The Village Of Great Neck Plaza’s Earth Day Celebration

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Part of Jacob Mamiye’s presentation about the Alley Pond Environmental Center. (Photo by Julie Prisco)

On Wednesday, April 27, the Village of Great Neck Plaza hosted a Zoom Earth Day event for 2022. The Residents Group of Great Neck Plaza put the event together to educate and inform residents on climate change and how the public can help.
Mayor Ted Rosen, Deputy Mayor Pamela Marksheid, Trustee Michael DeLuccia, Trustee Alex Au and members of the Residents Group were present for the Zoom event. Mayor Rosen and Deputy Mayor Marksheid are part of the Residents Group that puts together informational and entertaining public programs for residents to build a sense of community in the village.
Mayor Rosen opened up the Earth Day event by discussing the first Earth Day celebration 52 years ago.
“We’ve been celebrating Earth Day since 1970,” said Mayor Rosen. “I remember in the early 1970s walking on 14th Street in Manhatten on one of the very first Earth Days, and the street was closed from east to west to demonstrate a celebration of our planet.”
“The challenges to our Earth are still here; climate change, the emergence of more extreme weather patterns, the need to end our reliance on fossil fuels, and the need to transition to green energy,” said Mayor Rosen. “This program will provide us with an opportunity to renew our focus on important issues that led to the creation of Earth Day back in 1970.”
Deputy Mayor Marksheid proceeded to introduce and give an overview of the event.
“In the decade that followed the first Earth Day, [citizens] saw the creation of America’s most popular and powerful legislator,” said Marksheid. “This includes updates to the clean air act, the creation of the clean water act, the endangered species act, and the establishment of the environmental protection agency. Today now includes a wide range of events coordinated globally.”
Marksheid discussed the guest speakers present on the Zoom and introduced the first speaker, Jacob Mamiye, who works at the Alley Pond Environmental Center. Each speaker gave a description of their job and their passion for the environment.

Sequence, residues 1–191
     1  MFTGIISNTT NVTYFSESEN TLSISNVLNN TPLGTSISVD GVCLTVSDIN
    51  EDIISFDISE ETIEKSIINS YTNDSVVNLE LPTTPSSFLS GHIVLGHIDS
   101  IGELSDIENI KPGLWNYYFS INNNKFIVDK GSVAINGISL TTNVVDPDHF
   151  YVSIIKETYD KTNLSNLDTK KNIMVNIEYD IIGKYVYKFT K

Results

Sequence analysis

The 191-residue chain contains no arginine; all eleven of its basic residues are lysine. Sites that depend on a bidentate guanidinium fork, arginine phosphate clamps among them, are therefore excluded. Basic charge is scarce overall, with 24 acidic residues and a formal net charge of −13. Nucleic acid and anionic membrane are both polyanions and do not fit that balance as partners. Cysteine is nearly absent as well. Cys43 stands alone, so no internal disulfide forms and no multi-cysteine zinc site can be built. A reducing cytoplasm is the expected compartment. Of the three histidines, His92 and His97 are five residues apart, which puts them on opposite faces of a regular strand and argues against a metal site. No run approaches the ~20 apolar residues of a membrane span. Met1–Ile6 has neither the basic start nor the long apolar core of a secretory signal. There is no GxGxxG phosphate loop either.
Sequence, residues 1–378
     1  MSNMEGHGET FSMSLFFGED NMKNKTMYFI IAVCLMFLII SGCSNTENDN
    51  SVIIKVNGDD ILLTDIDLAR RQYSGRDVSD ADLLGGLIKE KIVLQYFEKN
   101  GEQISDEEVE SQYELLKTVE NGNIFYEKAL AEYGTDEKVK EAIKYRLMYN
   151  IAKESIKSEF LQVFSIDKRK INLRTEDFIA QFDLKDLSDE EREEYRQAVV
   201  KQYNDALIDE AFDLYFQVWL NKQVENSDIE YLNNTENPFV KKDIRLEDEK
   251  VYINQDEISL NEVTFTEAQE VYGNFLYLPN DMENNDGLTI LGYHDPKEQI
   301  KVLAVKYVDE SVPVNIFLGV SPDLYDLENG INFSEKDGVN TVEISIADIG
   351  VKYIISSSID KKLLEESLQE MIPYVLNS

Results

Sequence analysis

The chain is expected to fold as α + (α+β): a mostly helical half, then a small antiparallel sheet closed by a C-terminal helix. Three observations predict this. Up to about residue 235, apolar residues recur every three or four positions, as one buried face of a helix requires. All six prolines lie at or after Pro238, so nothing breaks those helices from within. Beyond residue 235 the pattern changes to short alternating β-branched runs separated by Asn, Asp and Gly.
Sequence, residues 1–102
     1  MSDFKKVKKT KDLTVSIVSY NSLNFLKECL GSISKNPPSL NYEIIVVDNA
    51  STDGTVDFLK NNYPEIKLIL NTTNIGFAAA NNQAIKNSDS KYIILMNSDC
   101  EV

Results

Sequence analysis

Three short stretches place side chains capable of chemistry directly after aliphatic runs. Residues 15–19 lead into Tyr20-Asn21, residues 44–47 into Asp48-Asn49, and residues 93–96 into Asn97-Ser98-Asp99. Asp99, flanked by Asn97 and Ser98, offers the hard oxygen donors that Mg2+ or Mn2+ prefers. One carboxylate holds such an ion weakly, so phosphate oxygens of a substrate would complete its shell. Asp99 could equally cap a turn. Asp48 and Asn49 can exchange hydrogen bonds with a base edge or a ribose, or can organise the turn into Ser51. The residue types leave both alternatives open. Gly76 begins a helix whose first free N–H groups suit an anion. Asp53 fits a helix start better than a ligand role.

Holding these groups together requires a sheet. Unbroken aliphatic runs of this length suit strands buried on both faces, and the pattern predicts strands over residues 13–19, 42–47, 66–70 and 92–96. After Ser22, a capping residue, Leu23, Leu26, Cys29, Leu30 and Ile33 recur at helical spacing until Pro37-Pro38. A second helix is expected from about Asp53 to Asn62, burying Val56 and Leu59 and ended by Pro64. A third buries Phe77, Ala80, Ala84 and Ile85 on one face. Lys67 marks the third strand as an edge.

“I think that reaching young minds is probably one of the most effective ways of spreading the message,” said Mamiye. “Igniting a passion in young kids helps in monumental ways.
The Alley Pond Environmental Center has many classes and programs that Mamiye works in to educate children and teens in helping the environment.
“One of our most popular classes is called Animals Alive,” said Mamiye. “Where kids get to observe animals and learn why we need to observe animals and why we need to protect them. We have a class about endangered species, we teach about Native Americans who lived here, and we have a high school class that tests water quality and observes native and non-native plants.”
Alley Pond Environmental Center does a lot of community outreach, including park clean-ups and beach clean-ups. Alley Pond’s work gives back to the community, educates the youth, and teaches people of all ages how to help the environment.
The next speaker, Dr. Jeff Howard, is an environmental activist, poet, and environmental studies instructor at the University of Connecticut. He focused on the systematic challenges we face regarding the climate crisis.
“The issues in climate change and the nitrogen cycle and so forth are all deeply interrelated and systematic issues,” said Dr. Howard. “We are not separate from natural systems; we are integrated in them. Ultimately we cannot fully know ourselves without understanding our place within the environment because we are a part of it.”
“As we work to confront environmental challenges,” said Dr. Howard, “such as biodiversity, climate chaos and so forth, we must ecologically understand our place in the world.”
Two members from the New York Department of Public Service (DPS) presented information about their company’s roles and responsibilities in helping the climate crisis.
According to the PowerPoint presentation, the department “Regulates investor-owned electric, gas, steam, telecommunication and water utilities, oversees electric service on Long Island and the cable industry and ensures safe, secure and reliable access to utility services at just and reasonable rates.”
A cornerstone project from the DPS is currently being worked on called the Climate Leadership and Community Protection Act.
“The act set a target for a carbon-neutral economy by 2050 and an 85 percent reduction in emissions by 2050,” explained Beth Fiteni of the DPS. “We have a goal in the law of 100 percent of electricity generated from zero-carbon sources by 2040.”
A representative from PSEG Long Island spoke about the programs PSEG offers to help customers. The representative discussed different technologies and systems available to purchase for the home to promote energy efficiency and benefit the environment and the economy.
After each speaker shared, the meeting opened to discuss tips to get involved in environmental community action and ways to spread the word. All the speakers that the Residents Group of Great Neck Plaza coordinated to be at the Earth Day Zoom provided informational presentations to educate residents on different ways to give back to the environment.
Visit alleypond.org, climate.ny.gov and psegliny.com to learn more about the programs and initiatives the speakers offer.

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